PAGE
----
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Trump signs executive orders on Obamacare, freezes on new or pending regulations

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WASHINGTON – President Donald Trump signed an executive order Friday night “to ease the burden of Obamacare as we transition from repeal and replace,” White House press secretary Sean Spicer told reporters.

Trump also signed papers confirming the appointments of James Mattis as secretary of defense and John Kelly as secretary of homeland security, Spicer said.

White House Chief of Staff Reince Priebus issued a memorandum Friday night to all executive departments and agencies to freeze new or pending regulations — giving the new administration time to review them.

The action is a fairly standard move for a new administration taking over from the other party. It effectively halts any lingering policies from the Obama administration before they can be finalized.

The move also gives President Donald Trump the ability to declare an immediate impact on the regulations that Republicans have long slammed as burdensome on businesses — a major promise of his administration.

Still, to roll back any number of the regulations that were finalized in the eight years that Barack Obama was president, Trump will need an act of Congress or will need his agencies to begin the regulatory process from scratch.

Federal regulations go through a multi-step process in order to take full effect. The President cannot halt any regulations that have gone into effect already, but lays out steps for any that are not fully in action.

For any regulations that have yet to be sent for publishing in the Federal Register, the memo asks the agency to not send any regulation to the Federal Register until reviewed by someone selected by the President.

For those that have been sent but not published, the White House ordered the regulations withdrawn.

There are regulations have been published but have not reached their effective date. The memo instructs those regulations to be delayed for 60 days for review — with a potential that a new notice for reopening the regulation could occur.

The memo makes an exception for “critical health, safety, financial, or national security matters,” and asks agencies to identify any regulations that can’t be delayed for other reasons.

THE WHITE HOUSE

Office of the Press Secretary

For Immediate Release January 20, 2017

EXECUTIVE ORDER

– – – – – – –

MINIMIZING THE ECONOMIC BURDEN OF THE PATIENT PROTECTION AND AFFORDABLE CARE ACT PENDING REPEAL

By the authority vested in me as President by the Constitution and the laws of the United States of America, it is hereby ordered as follows:

Section 1. It is the policy of my Administration to seek the prompt repeal of the Patient Protection and Affordable Care Act (Public Law 111-148), as amended (the “Act”). In the meantime, pending such repeal, it is imperative for the executive branch to ensure that the law is being efficiently implemented, take all actions consistent with law to minimize the unwarranted economic and regulatory burdens of the Act, and prepare to afford the States more flexibility and control to create a more free and open healthcare market.

Sec. 2. To the maximum extent permitted by law, the Secretary of Health and Human Services (Secretary) and the heads of all other executive departments and agencies (agencies) with authorities and responsibilities under the Act shall exercise all authority and discretion available to them to waive, defer, grant exemptions from, or delay the implementation of any provision or requirement of the Act that would impose a fiscal burden on any State or a cost, fee, tax, penalty, or regulatory burden on individuals, families, healthcare providers, health insurers, patients, recipients of healthcare services, purchasers of health insurance, or makers of medical devices, products, or medications.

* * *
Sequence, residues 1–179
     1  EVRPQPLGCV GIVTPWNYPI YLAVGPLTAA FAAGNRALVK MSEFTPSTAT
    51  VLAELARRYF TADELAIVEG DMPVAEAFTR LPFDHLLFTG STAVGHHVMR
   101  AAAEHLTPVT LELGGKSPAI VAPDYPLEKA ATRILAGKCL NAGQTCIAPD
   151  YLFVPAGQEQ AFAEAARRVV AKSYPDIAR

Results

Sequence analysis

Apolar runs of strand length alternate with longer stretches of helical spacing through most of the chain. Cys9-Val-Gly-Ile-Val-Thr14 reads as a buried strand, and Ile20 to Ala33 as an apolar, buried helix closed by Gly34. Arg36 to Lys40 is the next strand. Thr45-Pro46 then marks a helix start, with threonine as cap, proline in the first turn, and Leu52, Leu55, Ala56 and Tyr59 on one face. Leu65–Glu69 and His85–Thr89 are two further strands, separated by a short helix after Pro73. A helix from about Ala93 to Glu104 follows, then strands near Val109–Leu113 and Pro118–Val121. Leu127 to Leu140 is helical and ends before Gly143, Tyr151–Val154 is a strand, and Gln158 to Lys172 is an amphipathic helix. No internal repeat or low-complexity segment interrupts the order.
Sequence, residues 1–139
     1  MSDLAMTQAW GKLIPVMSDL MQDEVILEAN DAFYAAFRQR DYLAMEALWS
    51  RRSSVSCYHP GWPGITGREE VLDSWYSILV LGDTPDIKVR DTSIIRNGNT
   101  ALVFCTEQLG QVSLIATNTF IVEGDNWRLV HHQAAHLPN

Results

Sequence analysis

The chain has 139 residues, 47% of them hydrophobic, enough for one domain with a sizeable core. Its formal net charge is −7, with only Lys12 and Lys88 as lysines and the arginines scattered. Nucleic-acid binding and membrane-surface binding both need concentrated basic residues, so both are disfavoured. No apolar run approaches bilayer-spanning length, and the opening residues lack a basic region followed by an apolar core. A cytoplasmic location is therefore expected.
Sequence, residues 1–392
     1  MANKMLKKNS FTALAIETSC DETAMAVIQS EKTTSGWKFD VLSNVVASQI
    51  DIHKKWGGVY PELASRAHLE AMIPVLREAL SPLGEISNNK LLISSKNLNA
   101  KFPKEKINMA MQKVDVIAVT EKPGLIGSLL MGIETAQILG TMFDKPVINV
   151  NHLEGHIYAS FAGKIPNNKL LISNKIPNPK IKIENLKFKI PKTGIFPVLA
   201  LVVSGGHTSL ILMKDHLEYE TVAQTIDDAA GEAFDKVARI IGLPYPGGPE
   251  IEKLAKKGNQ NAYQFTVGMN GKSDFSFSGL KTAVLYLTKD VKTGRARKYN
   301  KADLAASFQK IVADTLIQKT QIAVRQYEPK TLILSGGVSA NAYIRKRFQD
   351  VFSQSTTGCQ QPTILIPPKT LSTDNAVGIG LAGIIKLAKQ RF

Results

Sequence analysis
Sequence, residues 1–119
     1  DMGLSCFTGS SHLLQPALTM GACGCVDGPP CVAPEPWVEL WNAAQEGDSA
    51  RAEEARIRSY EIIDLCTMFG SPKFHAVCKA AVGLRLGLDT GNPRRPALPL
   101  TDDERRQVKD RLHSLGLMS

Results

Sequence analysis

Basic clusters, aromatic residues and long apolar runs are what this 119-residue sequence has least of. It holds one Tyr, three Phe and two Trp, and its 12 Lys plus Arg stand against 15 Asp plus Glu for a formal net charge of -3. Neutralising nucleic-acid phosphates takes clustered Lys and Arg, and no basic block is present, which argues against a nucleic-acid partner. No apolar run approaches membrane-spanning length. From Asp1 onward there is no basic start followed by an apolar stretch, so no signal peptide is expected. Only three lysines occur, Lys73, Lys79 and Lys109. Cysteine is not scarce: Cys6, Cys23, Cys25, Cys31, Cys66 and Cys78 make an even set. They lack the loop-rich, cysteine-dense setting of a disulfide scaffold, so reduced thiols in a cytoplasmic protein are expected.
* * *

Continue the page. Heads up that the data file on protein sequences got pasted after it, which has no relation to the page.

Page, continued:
Sec. 3. To the maximum extent permitted by law, the Secretary and the heads of all other executive departments and agencies with authorities and responsibilities under the Act, shall exercise all authority and discretion available to them to provide greater flexibility to States and cooperate with them in implementing healthcare programs.

Sec. 4. To the maximum extent permitted by law, the head of each department or agency with responsibilities relating to healthcare or health insurance shall encourage the development of a free and open market in interstate commerce for the offering of healthcare services and health insurance, with the goal of achieving and preserving maximum options for patients and consumers.

Sec. 5. To the extent that carrying out the directives in this order would require revision of regulations issued through notice-and-comment rulemaking, the heads of agencies shall comply with the Administrative Procedure Act and other

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applicable statutes in considering or promulgating such regulatory revisions.

Sec. 6. (a) Nothing in this order shall be construed to impair or otherwise affect:

(i) the authority granted by law to an executive department or agency, or the head thereof; or

(ii) the functions of the Director of the Office of Management and Budget relating to budgetary, administrative, or legislative proposals.

(b) This order shall be implemented consistent with applicable law and subject to the availability of appropriations.

(c) This order is not intended to, and does not, create any right or benefit, substantive or procedural, enforceable at law or in equity by any party against the United States, its departments, agencies, or entities, its officers, employees, or agents, or any other person.

DONALD J. TRUMP

THE WHITE HOUSE,

January 20, 2017.

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